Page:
Confessions of a Baseball Analytics Writer
Jack Leiter will always have a special place in my heart. The Rangers’ top pitching prospect was the subject of the very first article I wrote for FanGraphs, which talked about, among other things, the unbelievable carry on his fastball and how it could lead him to big-league success. But we haven’t checked in on Leiter in a while, and well, his Double-A numbers have been ghastly: a 6.24 ERA in 53.1 innings pitched has somewhat muted the hype surrounding the righty. Though it doesn’t really change our outlook on Leiter, it’s still unsettling to see.
Part of that has been his inability to throw strikes, as Leiter is issuing well over five walks per nine innings. But more importantly, Leiter has lost a significant amount of his signature fastball ride in pro ball. Statcast data was available for this year’s Futures Game, during which Leiter’s dozen or so fastballs averaged 16.1 inches of vertical break – a far cry from the 19.9 inches I calculated in that debut article using TrackMan data. It could be a small sample quirk, and yet, the general industry consensus is that Leiter’s fastball is no longer transcendent. That’s a genuine problem.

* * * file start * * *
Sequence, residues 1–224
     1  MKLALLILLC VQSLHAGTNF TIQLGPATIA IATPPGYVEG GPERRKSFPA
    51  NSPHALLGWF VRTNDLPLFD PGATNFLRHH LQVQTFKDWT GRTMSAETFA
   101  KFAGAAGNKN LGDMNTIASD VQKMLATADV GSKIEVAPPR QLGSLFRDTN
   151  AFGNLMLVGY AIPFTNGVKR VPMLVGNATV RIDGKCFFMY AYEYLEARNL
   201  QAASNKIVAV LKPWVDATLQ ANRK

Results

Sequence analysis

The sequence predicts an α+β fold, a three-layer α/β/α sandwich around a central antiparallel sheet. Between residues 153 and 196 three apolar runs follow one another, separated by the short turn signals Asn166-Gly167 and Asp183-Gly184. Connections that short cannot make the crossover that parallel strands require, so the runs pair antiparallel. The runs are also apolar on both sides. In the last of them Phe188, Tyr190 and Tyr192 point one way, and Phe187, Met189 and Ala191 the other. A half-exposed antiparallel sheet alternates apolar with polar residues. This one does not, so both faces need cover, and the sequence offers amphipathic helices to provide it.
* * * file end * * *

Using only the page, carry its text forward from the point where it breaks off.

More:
What might the reason be? Maybe Vanderbilt’s TrackMan device wasn’t properly calibrated (as suggested by Mason McRae), leading to imprecise readings. But if that’s true (and maybe it isn’t), how could we verify it? What I came up with this: Using velocity, spin rate, and spin axis data from the 2021 NCAA Division-I baseball season, I built a model that estimates the vertical break of four-seam fastballs from righty pitchers. Once completed, I grouped the data by the pitcher’s team and looked at which schools over- or under-shot the model. Those with the largest residuals, in theory, are prime suspects for having miscalibrated TrackMan devices.
We have some evidence here. Among the schools with at least 2,000 righty fastballs in the database, Vanderbilt ranks ninth out of 48 in the average difference between actual and expected vertical break. As for Leiter himself? Across a not-so-small sample of 721 heaters, he generated 2.5 inches of extra ride over expected, which puts him squarely outside the confidence interval. It could also be that Leiter just isn’t throwing his fastball like he used to, but it does seem like TrackMan data had a hand in sweetening his statistical profile.
Even with diminished ride, Leiter’s fastball is still a plus pitch, and on the whole, he’s still one heck of a pitching prospect. But even in an era of sophisticated data, inaccuracies can be surprisingly common. TrackMan devices are operated and maintained by humans, after all, and to err is human. While having the requisite data remains incredibly helpful, a healthy dose of skepticism – and subsequent adjustments, such as removing outliers – goes a long way in making the most of it.